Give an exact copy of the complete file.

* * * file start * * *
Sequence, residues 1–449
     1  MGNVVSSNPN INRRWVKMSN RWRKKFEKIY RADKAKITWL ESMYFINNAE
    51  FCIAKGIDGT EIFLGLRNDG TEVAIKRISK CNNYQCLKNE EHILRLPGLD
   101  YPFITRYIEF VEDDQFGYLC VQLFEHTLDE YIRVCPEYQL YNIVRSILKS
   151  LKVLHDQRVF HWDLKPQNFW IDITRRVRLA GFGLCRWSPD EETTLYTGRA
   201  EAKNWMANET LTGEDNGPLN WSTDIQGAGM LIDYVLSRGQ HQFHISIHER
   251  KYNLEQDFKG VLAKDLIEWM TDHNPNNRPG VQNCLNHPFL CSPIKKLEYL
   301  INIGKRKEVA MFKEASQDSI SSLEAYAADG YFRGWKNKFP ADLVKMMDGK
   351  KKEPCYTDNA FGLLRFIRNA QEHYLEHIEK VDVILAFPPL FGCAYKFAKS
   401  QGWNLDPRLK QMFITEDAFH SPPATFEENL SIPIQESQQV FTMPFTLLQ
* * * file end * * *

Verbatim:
Sequence, residues 1–449
     1  MGNVVSSNPN INRRWVKMSN RWRKKFEKIY RADKAKITWL ESMYFINNAE
    51  FCIAKGIDGT EIFLGLRNDG TEVAIKRISK CNNYQCLKNE EHILRLPGLD
   101  YPFITRYIEF VEDDQFGYLC VQLFEHTLDE YIRVCPEYQL YNIVRSILKS
   151  LKVLHDQRVF HWDLKPQNFW IDITRRVRLA GFGLCRWSPD EETTLYTGRA
   201  EAKNWMANET LTGEDNGPLN WSTDIQGAGM LIDYVLSRGQ HQFHISIHER
   251  KYNLEQDFKG VLAKDLIEWM TDHNPNNRPG VQNCLNHPFL CSPIKKLEYL
   301  INIGKRKEVA MFKEASQDSI SSLEAYAADG YFRGWKNKFP ADLVKMMDGK
   351  KKEPCYTDNA FGLLRFIRNA QEHYLEHIEK VDVILAFPPL FGCAYKFAKS
   401  QGWNLDPRLK QMFITEDAFH SPPATFEENL SIPIQESQQV FTMPFTLLQ